This past fall I took a trip to New Orleans and while there took a tour of the New Orleans Pharmacy Museum where a pharmacist, Louis J. Dufilho, Jr. was the first to pass the national licensing examination in 1804, therefore making his pharmacy the first licensed United States apothecary shop. What does this have to do with plants-everything because as I toured the museum what became clear to me was the pharmacies of old were nothing like our current pharmacies where chemical drugs are sold to help heal aliments. The cures of yesteryear were plant-based and although some of them I’m sure didn’t work, I’m just as sure many did. So I saw the original ‘drugs’ that came from medicinal herbs and plants, not chemicals, and I saw things in a whole new way. Now I’ve known of some herbs that help with various aliments but never really connected the dots until I took a tour of that pharmacy. Gives me a whole new perspective on pharmacies and their beginnings. Sometimes going forward means looking backwards to see where we came from.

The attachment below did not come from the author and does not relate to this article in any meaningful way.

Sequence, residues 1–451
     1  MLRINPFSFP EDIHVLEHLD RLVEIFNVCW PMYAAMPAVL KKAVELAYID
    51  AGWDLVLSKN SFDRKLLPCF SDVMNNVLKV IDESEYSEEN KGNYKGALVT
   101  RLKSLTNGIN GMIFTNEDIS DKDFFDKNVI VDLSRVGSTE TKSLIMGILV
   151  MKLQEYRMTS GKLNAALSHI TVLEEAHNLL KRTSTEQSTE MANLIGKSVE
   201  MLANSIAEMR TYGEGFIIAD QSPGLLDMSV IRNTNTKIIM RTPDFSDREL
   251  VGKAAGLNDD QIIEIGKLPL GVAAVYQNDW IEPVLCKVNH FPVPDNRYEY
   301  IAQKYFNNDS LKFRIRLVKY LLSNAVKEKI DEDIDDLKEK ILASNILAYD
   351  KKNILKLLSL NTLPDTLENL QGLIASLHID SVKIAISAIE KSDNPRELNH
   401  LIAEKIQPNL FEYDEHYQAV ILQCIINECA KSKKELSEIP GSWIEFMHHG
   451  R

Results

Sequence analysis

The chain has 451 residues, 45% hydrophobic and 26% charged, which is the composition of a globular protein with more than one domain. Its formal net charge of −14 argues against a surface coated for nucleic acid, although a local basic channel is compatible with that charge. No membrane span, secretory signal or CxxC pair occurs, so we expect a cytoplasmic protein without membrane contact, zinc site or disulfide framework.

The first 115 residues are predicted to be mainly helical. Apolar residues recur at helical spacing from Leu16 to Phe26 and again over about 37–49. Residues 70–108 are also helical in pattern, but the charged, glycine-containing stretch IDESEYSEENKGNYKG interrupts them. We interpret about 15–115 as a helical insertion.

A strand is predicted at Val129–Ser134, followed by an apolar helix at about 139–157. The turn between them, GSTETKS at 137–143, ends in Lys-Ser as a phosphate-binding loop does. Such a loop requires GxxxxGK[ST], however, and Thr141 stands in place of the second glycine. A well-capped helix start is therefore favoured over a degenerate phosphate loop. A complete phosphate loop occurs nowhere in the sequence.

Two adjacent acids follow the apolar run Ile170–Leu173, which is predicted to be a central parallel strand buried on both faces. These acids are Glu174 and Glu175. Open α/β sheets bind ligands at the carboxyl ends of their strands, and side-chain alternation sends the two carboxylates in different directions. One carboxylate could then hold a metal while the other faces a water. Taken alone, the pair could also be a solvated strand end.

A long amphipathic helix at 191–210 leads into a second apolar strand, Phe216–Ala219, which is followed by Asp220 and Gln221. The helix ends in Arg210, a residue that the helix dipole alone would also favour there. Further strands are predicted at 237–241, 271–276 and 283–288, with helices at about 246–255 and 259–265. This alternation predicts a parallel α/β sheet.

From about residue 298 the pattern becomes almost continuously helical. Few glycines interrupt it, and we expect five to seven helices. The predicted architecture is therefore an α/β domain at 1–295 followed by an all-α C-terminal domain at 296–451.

And speaking of pharmacies, soda fountains became popular in pharmacies where sweet syrups could be mixed with carbonated water and herbal concoctions to hide the bitter taste. Coca-Cola, one of the most famous fountain drinks, was invented by an Atlanta pharmacist, John Pemberton in the late 19th century. It was intended to be used as a medicine. Coca-Cola’s name came from its two ‘medicinal’ plant ingredients—coca leaves and kola nuts, hence the name. Coca-Cola originally had some cocaine in it from the coca leaves although no one knows how much as it’s recipe was and still is a secret. Coca-Cola was completely cocaine free by 1929 being replaced with caffeine. For more of this interesting story go here: http://www.snopes.com/cokelore/cocaine.asp